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Jan. 20, 2016, 10:21 a.m.
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LINK: www.journalism.org  ➚   |   Posted by: Laura Hazard Owen   |   January 20, 2016

Journalism projects seeking crowdfunding on Kickstarter pulled in about $6.3 million between 2009 and 2015, according to a new analysis from the Pew Research Center. That money went to 658 fully funded projects.

Journalism projects are still fairly rare on Kickstarter (and are dwarfed by categories such as film and video, gaming, and art), but the number of funded projects more than doubled between 2013 and 2014, Pew shows.

While larger media organizations, like ProPublica and The Texas Tribune, have used Kickstarter recently — and projects from such publications made up 22 percent of the funded journalism projects in the time period Pew looked at — the bulk of the funded projects (71 percent) are still coming from “individuals not tied to any journalistic organization,” either alone or in small groups, Pew found. As for those people working alone:

Single individuals accounted for more funded submissions than any other group — 43 percent over the seven-year time frame. These projects ranged from The Smokey Generation, a digital oral history of wildland firefighters, to a paleontology fieldwork memoir by a freelance science writer, multimedia reporting from Tanzania on the fate of the Kihansi spray toad, and a traveling puppet named Stevie P. offering to write postcards from Europe.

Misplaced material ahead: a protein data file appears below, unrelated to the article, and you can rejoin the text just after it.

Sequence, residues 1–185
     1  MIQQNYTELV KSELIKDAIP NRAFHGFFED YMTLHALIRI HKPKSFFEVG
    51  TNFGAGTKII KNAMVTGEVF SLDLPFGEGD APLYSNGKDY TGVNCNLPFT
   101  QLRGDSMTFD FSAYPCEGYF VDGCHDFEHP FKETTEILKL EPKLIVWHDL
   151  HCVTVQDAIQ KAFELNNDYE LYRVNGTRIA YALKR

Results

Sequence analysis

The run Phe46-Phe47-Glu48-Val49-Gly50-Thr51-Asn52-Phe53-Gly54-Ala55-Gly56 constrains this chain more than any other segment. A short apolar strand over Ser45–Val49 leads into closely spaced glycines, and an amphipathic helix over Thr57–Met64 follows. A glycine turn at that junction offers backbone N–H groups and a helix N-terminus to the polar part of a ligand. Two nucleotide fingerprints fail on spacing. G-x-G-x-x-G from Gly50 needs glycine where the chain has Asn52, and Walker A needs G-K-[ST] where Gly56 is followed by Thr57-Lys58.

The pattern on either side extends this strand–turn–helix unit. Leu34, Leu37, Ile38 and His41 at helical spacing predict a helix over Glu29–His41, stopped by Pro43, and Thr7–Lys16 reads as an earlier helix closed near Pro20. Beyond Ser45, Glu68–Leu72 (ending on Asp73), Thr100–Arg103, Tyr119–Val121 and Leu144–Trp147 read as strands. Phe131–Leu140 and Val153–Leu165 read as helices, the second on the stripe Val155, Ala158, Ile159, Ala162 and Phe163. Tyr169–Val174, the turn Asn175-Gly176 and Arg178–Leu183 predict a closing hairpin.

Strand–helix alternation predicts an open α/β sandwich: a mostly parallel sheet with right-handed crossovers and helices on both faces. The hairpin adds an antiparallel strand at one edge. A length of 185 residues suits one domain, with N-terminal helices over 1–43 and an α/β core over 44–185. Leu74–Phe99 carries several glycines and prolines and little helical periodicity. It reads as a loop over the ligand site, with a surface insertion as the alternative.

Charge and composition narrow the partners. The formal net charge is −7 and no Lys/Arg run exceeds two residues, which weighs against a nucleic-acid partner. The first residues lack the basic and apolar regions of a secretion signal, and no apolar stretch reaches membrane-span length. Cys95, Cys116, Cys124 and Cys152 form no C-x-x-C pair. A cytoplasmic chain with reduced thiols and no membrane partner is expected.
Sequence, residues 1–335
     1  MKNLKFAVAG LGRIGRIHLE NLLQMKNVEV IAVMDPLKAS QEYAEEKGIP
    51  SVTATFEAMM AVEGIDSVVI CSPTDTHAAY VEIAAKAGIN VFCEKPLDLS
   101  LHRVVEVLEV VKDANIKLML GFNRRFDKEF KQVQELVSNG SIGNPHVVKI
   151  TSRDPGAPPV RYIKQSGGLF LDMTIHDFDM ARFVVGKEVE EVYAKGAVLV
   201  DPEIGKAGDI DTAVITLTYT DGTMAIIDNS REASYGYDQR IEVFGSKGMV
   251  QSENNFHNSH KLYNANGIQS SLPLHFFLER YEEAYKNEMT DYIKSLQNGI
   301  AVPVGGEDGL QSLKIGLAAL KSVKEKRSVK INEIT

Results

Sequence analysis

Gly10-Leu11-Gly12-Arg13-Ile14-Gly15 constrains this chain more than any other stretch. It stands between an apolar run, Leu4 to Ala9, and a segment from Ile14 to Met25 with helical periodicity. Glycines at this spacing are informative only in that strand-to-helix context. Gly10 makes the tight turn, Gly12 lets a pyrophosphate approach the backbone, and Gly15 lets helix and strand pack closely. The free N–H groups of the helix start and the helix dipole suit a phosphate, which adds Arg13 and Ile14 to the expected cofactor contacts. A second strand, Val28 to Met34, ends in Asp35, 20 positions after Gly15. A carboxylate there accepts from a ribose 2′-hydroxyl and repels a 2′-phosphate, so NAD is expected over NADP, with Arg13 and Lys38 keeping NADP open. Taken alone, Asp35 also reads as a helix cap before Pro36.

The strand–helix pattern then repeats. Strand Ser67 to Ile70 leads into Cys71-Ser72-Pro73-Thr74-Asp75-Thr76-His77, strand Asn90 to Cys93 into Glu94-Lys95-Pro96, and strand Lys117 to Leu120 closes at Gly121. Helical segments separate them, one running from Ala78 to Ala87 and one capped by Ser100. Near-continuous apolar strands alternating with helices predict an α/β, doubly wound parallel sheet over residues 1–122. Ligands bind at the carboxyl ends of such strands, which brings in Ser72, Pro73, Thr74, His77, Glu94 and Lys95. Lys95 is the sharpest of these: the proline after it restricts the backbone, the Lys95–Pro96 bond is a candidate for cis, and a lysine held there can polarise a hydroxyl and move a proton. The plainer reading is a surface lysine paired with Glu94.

Pew also found that the most commonly funded projects on Kickstarter are “larger and longer enterprises that would not be possible without the support of independent donors”:

Among this array of formats, magazine-related projects — including the launch of new full-fledged publications, the expansion of issue-based coverage by a news magazine and standalone articles that the producers planned to pitch to existing magazines or journals — topped the list as the single most popular format, making up 20% of all funded projects in the Journalism category.

In second place were website proposals, accounting for 16 percent of funded projects:

Most of these efforts sought funds to support the online creation of news and information content, such as Media Diversified’s goal of producing an interactive directory of ethnic minority voices in the UK media landscape. A proposal to establish a multimedia website, Nuba Reports, which would provide firsthand news from Southern Sudan, was also successful, as was one by a group of citizen journalists to expand the reporting reach of Russia Insider. Others, like The Nicaragua Dispatch, turned to crowdfunding as a way of maintaining or overhauling an existing website; it asked for backers to pledge toward the cost of hiring a Web developer. In this instance, The Dispatch specifically sought to remake the site into a crowdsourcing platform.

You can read the full report here.

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